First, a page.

Canonizing American Healthcare

Who knew healthcare could be so hard?” President Trump once asked.

The fact is, if it weren’t hard, there’d be a workable solution by now. It’s sad that our national health care discussion, along with everything else, quickly dissolves into a partisan morass, and that, in their opposition to Obama’s overreach, Republicans have not offered any substantive alternatives. They have instead become the de facto defenders of the pre-ACA health care status quo, which was unsustainably expensive, ridiculously bureaucratic, and allowed too many people to fall through the cracks. There are certain conservative solutions that need to be part of the mix – tort reform, primarily, in order to reduce obscene malpractice insurance costs – but both sides of the aisle have to acknowledge and address that there are fundamental structural problems with the system, and it’s not enough just to oppose what Obama did – one needs to offer something constructive in its place.

What people don’t seem to realize is that, even before Obamacare, we had a warped form of universal health care in the United States. Granted, it was the most expensive, convoluted, and inefficient universal health care system in the industrialized world, but the fact remains that we don’t allow American citizens to die in the street for lack of health care. Emergency rooms and hospitals are required by law to treat all patients, regardless of their ability to pay.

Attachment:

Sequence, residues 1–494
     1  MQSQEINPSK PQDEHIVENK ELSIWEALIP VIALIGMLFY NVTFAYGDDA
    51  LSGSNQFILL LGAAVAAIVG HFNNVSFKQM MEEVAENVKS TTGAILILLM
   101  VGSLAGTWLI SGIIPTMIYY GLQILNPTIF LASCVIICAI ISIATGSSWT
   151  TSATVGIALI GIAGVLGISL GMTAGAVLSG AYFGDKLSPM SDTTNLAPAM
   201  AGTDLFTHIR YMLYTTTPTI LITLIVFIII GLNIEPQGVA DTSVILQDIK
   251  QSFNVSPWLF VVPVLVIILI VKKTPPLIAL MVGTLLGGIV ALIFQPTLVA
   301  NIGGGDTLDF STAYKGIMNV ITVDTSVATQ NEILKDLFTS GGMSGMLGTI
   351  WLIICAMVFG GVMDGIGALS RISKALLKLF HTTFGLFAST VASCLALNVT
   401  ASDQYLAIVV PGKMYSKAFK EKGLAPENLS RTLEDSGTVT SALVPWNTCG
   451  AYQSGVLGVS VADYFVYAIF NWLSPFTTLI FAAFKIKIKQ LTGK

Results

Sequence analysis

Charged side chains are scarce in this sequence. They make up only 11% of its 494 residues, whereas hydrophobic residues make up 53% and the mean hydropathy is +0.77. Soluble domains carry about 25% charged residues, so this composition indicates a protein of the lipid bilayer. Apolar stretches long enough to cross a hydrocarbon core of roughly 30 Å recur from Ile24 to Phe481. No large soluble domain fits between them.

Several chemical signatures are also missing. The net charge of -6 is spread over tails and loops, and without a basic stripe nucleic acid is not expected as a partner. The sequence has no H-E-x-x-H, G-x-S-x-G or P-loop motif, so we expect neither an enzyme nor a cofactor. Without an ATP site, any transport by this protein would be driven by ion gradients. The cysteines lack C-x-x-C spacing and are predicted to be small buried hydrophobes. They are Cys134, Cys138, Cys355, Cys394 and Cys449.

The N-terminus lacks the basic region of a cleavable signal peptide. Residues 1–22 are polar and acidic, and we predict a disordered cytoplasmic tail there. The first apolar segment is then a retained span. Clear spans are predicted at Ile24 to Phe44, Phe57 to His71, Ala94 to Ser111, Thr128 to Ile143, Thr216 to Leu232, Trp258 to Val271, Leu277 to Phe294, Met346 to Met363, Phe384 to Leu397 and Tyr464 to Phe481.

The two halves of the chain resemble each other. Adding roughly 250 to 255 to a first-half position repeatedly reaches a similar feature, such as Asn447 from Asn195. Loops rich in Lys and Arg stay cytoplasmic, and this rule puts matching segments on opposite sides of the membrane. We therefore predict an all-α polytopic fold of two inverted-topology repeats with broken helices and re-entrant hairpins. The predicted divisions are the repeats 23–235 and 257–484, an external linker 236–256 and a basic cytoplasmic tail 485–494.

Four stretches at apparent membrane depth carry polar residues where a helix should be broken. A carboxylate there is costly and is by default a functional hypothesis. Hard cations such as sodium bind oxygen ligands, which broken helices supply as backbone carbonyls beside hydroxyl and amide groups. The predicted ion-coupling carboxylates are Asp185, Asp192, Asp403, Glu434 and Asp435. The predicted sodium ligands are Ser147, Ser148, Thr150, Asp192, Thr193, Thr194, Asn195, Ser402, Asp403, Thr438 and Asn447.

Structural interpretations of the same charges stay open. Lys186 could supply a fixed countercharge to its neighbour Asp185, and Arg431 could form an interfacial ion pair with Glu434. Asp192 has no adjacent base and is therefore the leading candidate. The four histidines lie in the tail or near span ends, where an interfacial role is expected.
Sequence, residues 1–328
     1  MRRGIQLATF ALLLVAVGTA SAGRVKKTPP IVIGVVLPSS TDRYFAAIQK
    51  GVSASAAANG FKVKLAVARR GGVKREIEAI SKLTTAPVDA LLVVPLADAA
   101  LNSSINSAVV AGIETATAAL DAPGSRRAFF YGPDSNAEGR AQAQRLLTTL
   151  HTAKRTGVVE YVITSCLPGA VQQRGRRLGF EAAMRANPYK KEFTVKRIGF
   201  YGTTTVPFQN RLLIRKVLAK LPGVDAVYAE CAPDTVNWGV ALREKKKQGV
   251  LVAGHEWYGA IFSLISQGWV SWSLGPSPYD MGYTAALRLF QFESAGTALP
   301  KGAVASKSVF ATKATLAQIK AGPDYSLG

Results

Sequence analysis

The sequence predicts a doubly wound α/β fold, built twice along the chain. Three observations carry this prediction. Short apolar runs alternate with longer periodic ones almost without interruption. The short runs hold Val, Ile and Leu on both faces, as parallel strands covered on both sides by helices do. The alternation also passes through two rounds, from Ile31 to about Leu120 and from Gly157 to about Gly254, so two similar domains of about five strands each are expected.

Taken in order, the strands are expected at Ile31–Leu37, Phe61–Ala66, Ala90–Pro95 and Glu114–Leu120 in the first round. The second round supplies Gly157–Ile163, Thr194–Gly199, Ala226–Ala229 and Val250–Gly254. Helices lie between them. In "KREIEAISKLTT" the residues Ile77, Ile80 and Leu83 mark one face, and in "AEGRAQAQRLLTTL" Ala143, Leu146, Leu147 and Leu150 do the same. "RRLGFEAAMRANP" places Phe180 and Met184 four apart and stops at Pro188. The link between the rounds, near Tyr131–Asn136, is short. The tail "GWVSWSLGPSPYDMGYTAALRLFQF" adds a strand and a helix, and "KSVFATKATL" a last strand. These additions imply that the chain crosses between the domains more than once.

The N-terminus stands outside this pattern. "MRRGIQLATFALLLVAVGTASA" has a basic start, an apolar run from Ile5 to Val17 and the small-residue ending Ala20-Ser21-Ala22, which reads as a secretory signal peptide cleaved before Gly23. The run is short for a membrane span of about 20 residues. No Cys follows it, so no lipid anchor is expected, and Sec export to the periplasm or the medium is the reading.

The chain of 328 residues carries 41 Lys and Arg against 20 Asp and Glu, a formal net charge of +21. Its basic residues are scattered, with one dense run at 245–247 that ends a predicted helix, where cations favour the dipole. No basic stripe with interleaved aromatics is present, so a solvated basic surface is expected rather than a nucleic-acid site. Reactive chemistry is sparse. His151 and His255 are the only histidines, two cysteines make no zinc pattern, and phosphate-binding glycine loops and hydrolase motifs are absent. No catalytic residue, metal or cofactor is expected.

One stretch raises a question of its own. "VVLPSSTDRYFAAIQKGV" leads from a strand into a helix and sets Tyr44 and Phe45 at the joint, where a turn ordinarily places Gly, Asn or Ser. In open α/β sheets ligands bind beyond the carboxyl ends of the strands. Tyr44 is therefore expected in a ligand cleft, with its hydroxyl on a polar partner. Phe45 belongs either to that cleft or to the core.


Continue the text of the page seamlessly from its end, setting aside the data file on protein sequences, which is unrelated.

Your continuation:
Opponents of the flawed Obama solutions ignore the fact that the current system already has enormous hidden costs as insurance holders shell out for higher premiums to compensate for the costs of covering the indigent. In addition, there is no political will to create a system where health care becomes 100% “market-driven,” so that if you can’t afford it, you can’t get it. Consequently, if we’re going to provide universal health care, we ought to figure out how to provide it at a reasonable cost rather than pretend we’re not doing it.

So help us do that. Sound off below with your ideas to canonize the best form of healthcare.